Mergers have their benefits, and the recent fusion of airlines Delta and Northwest (see News, 1/11/08) has resulted in the mother company Delta acquiring 15 new routes outside the US.
“In the current atmosphere of international financial uncertainty, the breadth of Delta’s network positions the airline to take advantage of markets that continue to thrive, while offering a natural hedge where there is economic softness,” said Glen Hauenstein, Delta’s executive vice-president of network planning.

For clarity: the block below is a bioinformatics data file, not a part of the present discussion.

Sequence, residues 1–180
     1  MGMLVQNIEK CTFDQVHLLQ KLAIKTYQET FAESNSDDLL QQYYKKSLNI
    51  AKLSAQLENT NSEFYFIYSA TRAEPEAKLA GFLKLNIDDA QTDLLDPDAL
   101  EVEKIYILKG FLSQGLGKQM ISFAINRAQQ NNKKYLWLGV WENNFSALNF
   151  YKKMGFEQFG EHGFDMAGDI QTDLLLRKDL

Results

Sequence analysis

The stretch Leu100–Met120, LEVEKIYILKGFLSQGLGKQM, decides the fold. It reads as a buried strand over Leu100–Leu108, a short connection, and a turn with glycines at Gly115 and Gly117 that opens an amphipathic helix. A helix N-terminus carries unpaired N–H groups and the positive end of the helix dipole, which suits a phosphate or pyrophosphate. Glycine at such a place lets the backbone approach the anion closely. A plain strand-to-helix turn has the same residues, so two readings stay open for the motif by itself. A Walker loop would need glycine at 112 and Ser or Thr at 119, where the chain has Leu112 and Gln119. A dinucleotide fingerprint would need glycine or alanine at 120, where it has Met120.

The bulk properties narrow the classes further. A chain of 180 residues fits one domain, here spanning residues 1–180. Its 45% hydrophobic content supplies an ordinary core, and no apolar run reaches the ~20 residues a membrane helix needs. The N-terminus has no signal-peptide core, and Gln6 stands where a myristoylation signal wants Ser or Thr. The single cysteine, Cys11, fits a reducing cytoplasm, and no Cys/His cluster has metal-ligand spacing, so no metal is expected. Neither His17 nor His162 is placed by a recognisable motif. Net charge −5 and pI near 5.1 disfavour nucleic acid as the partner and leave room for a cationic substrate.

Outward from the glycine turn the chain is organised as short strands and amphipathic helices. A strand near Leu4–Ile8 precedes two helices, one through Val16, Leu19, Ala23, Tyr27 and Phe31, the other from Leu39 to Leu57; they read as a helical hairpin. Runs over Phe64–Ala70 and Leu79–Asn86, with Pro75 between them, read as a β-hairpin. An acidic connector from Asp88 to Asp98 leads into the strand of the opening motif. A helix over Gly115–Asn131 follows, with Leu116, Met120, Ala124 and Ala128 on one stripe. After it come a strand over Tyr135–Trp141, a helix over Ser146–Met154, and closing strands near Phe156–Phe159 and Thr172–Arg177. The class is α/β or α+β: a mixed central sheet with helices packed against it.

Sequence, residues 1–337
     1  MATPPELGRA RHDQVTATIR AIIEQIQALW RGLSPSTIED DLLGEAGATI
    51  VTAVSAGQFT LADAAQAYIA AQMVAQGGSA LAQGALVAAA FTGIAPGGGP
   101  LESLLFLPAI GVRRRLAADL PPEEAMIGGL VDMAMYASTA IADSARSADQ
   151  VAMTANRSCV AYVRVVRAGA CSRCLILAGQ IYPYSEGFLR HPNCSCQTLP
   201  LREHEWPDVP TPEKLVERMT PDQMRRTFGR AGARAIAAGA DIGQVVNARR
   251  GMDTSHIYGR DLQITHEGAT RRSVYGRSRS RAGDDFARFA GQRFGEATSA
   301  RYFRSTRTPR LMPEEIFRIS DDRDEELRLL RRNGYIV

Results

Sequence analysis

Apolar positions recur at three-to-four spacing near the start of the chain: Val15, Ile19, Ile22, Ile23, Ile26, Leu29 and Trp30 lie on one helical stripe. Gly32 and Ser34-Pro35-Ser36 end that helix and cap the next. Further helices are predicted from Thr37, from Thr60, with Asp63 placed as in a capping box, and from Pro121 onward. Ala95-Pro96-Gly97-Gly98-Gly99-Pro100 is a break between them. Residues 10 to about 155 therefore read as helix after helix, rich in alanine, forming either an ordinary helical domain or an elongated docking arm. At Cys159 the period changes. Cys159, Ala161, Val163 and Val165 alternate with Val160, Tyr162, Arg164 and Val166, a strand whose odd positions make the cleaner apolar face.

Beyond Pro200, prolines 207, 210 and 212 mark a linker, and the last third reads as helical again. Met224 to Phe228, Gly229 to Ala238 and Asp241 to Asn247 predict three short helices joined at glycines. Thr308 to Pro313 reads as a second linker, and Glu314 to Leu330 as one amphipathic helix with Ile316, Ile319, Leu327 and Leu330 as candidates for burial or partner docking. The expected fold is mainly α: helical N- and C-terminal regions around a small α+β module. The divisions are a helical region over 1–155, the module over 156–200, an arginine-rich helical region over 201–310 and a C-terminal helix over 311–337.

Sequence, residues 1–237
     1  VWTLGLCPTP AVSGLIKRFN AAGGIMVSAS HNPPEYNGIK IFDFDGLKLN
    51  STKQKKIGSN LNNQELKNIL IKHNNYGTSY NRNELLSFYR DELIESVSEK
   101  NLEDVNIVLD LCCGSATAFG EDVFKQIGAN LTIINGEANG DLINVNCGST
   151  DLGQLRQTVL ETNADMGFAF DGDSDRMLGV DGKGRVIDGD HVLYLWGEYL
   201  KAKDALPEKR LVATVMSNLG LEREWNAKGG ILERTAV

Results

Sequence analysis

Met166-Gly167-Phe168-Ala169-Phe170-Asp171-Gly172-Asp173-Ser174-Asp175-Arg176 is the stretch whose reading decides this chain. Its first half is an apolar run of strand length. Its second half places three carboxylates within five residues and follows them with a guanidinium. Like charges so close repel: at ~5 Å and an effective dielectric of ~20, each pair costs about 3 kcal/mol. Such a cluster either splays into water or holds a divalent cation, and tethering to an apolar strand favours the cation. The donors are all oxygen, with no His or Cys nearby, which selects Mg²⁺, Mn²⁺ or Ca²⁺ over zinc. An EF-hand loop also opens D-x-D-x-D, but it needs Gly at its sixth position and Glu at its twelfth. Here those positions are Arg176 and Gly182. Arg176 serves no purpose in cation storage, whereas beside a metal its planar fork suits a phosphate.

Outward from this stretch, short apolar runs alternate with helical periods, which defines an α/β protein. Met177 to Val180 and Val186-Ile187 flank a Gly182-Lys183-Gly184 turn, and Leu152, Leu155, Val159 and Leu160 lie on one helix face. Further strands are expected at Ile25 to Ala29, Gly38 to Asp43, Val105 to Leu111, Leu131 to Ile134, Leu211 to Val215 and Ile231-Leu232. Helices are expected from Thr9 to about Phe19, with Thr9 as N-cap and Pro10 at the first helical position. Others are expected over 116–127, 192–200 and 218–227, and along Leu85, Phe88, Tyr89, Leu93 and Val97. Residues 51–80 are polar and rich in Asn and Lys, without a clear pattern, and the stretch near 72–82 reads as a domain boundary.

From June 2009, Delta intends to fly to regions that continue to show growth despite the financial downturn: Asia, Africa and the Middle East. Europe is also in the growth pipeline. The Northwest absorption has also handed it, its former Asian hub Tokyo. Delta will fly there daily from New York and Atlanta, and also to Ho Chi Minh City. Another service connecting Salt Lake City and Tokyo five times weekly is part of the plan.
“Delta will morph overnight from having no service at all between New York and Asia to being the number one player between New York and Asia,” said Hauenstein.
From Tokyo, customers can connect to 20 cities around the region. Once these services commence, Delta is expected to surpass other trans-Pacific carriers United Airlines and Continental Airlines in scope of operations.